Jesus said, "No man can serve two masters, for either he will hate the one and love the other, or he will hold to one and despise the other." (Matt. 6:24)
A modern reading of that might suggest that someone cannot hold two jobs without some inner conflict. That is simply not true - but what Jesus said is true. The difference is in what the word "serve" means.
Jesus was not talking about a job, or serving as we generally think of it in terms of modern work. Jesus was speaking about the dedication of your life. The key is in the term "master".
In that day, serving a master was the meaning of one's life. It meant slavery, or something very much like slavery. The service of one's master was the meaning and substance of their lives and daily existence. How and when, and even whether or not you ate, or slept, or where you would stand, or what you would do with your time was determined by the master and your service. There was no time 'off' in these master / servant relationships. There was no 'free' time, necessarily. The servant lived for the service of the master.
That is why they could not serve two masters. It would mean that the meaning of life and the rationale behind each action and decision would be divided by the 'service' of two masters, and those needs, demands, and duties would often be in conflict, and sometimes be utterly contradictory.
In such a situation, you simply would have to choose - do I help my master 'A' or do I serve the interests of my master 'B'? You would either hate the first one or love the other - by your actions and decisions - or you would hold to the first master, and despise the other by not serving him.
This principle also applies to us.
Either you are with Christ, or against Him. Jesus actually said that once, in Matthew 12:30. There is no neutral territory, and there is no 'splitting the vote.' Your heart, mind and life are with Christ, and you serve Him in the same sense as the ancient "servant" in the time of Jesus, or your real allegiance is with someone or something else.
Either you are a Christian, or you are not. Jesus said it is either one or the other and if you try to juggle both you are doomed to fail and even the attempt is completely rejected by God. Either you love God, trust God, and serve the one true God, or your "god" is someone or something other.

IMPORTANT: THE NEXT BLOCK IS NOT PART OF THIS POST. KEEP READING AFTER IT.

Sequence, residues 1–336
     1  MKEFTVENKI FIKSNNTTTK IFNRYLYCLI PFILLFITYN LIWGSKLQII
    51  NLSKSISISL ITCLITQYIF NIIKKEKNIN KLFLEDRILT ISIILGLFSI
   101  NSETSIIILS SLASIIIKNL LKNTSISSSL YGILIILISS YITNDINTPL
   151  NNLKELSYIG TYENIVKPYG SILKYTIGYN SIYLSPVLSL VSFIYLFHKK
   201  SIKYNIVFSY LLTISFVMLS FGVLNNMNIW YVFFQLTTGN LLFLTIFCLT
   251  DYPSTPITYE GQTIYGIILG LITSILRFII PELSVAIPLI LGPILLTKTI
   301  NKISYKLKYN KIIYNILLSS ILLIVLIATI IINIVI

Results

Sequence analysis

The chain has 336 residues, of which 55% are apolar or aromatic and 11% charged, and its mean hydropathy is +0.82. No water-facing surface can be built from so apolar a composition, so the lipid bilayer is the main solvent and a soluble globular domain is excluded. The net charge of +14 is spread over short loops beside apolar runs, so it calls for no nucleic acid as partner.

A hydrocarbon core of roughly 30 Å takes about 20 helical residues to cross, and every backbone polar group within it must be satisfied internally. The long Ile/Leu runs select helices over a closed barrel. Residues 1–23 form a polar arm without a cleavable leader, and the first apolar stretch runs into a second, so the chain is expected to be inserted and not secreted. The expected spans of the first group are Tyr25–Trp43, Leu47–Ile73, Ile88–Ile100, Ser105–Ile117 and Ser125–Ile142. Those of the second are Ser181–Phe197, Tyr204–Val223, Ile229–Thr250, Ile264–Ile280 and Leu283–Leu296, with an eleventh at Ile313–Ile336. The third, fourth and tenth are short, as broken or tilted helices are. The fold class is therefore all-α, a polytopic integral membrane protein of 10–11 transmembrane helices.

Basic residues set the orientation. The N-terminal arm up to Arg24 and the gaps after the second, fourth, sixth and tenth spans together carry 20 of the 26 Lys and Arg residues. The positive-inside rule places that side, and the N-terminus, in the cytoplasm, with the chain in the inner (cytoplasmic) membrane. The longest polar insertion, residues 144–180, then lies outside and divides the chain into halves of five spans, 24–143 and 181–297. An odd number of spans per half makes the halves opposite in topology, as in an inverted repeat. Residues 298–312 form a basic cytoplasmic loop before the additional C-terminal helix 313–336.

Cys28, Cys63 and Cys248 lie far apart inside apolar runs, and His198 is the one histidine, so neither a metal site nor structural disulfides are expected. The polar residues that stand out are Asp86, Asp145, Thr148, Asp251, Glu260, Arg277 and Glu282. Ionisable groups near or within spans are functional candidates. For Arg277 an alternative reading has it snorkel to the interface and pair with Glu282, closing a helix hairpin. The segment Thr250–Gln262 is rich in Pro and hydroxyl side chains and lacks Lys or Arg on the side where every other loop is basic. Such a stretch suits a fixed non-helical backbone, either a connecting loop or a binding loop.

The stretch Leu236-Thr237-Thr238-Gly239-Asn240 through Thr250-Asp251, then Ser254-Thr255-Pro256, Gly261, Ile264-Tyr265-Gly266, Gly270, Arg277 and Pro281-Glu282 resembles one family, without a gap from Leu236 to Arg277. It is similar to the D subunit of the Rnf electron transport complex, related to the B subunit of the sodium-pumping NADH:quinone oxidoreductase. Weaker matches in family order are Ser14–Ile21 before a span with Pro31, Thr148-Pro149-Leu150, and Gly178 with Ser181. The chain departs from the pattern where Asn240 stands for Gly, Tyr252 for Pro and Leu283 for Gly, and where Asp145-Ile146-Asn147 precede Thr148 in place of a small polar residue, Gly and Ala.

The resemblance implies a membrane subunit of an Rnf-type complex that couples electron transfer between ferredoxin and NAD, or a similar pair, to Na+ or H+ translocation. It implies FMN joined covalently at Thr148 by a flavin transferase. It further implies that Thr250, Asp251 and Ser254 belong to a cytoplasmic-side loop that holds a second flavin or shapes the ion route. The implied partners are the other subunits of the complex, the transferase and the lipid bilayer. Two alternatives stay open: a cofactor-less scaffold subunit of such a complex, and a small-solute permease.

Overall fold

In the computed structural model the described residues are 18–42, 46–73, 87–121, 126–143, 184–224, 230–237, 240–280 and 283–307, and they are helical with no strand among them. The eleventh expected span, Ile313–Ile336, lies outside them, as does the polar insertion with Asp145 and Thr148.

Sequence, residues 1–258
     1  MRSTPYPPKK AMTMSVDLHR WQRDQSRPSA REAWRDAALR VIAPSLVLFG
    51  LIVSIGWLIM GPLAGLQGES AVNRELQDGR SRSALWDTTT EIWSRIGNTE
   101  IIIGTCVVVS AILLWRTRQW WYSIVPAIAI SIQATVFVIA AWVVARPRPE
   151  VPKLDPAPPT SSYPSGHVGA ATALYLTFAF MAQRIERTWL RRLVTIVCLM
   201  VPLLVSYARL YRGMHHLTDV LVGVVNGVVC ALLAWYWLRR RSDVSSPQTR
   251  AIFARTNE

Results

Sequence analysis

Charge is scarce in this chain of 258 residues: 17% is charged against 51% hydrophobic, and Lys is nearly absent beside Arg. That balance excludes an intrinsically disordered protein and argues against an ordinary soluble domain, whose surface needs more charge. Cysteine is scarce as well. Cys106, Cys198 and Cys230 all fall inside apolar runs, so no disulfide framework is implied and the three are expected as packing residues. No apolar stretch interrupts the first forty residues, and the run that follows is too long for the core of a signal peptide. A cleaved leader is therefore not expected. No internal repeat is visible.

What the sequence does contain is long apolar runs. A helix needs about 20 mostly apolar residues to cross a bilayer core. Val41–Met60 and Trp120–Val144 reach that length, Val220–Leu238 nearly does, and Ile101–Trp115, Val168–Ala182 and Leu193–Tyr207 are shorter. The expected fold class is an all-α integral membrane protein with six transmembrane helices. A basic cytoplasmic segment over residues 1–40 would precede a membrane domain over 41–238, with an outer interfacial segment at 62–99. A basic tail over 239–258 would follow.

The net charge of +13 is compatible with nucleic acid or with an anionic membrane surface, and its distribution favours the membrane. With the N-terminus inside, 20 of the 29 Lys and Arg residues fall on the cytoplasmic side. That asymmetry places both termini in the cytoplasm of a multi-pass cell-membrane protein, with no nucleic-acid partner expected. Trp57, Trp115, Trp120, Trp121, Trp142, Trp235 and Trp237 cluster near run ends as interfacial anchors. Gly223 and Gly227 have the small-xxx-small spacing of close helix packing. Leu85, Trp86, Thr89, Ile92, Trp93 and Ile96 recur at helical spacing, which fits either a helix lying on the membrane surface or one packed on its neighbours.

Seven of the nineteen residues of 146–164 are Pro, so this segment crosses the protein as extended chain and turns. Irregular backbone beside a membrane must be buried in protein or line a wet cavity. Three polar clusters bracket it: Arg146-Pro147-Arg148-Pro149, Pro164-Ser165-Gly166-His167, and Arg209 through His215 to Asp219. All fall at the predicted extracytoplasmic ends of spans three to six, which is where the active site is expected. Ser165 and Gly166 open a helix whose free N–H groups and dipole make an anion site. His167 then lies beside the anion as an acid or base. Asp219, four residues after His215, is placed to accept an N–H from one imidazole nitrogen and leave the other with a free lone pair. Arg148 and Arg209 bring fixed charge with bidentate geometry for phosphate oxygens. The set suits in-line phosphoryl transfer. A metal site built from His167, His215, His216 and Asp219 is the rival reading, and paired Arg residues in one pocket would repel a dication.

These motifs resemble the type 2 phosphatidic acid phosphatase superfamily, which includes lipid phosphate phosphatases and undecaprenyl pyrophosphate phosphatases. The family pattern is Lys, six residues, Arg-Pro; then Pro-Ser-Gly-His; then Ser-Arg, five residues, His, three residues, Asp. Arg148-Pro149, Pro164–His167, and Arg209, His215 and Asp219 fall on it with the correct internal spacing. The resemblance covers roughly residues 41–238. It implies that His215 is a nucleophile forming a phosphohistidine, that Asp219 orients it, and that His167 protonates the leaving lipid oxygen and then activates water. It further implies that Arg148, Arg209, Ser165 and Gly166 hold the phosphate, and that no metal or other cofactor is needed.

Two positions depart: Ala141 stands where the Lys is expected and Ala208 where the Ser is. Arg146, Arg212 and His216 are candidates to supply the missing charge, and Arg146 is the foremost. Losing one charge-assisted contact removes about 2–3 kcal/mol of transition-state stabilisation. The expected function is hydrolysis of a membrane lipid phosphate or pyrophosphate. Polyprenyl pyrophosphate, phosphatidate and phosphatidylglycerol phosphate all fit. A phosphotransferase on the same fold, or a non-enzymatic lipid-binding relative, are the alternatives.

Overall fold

Jesus was always a very black and white kind of guy - there aren't any "grey areas" when it comes to Him, and He proclaims the truth of God as He speaks - in part, because He is God.
Jesus drops the hammer, so to speak when He said that "You cannot serve both God and mammon." Now "mammon" is an Aramaic word which literally means "confidence", but it was used to refer to riches, or one's confidence in riches.
Mammon, for us, refers to "stuff," the things of this world and of this life. Jesus is referring to a devotion to such things - He mentions clothing, food, and drink. His list was not exhaustive, but more in the way of examples, the most common and powerful distractions - or types of mammon. Jesus chose the universal and most frequent focus of human concern to make His point.
His point is that to focus first and foremost on "stuff" is idolatry. It is unbelief toward God and a form of worship, or "service", toward the mammon of choice.
By the term, "unbelief", I do not mean that you doubt God's existence, or any specific doctrine about God. I mean a lack of trust, because that is what Jesus was talking about. He draws our attention to the birds, and tells us to notice how God supplies their need.
Jesus says, we are of greater value to God and He will take care of us.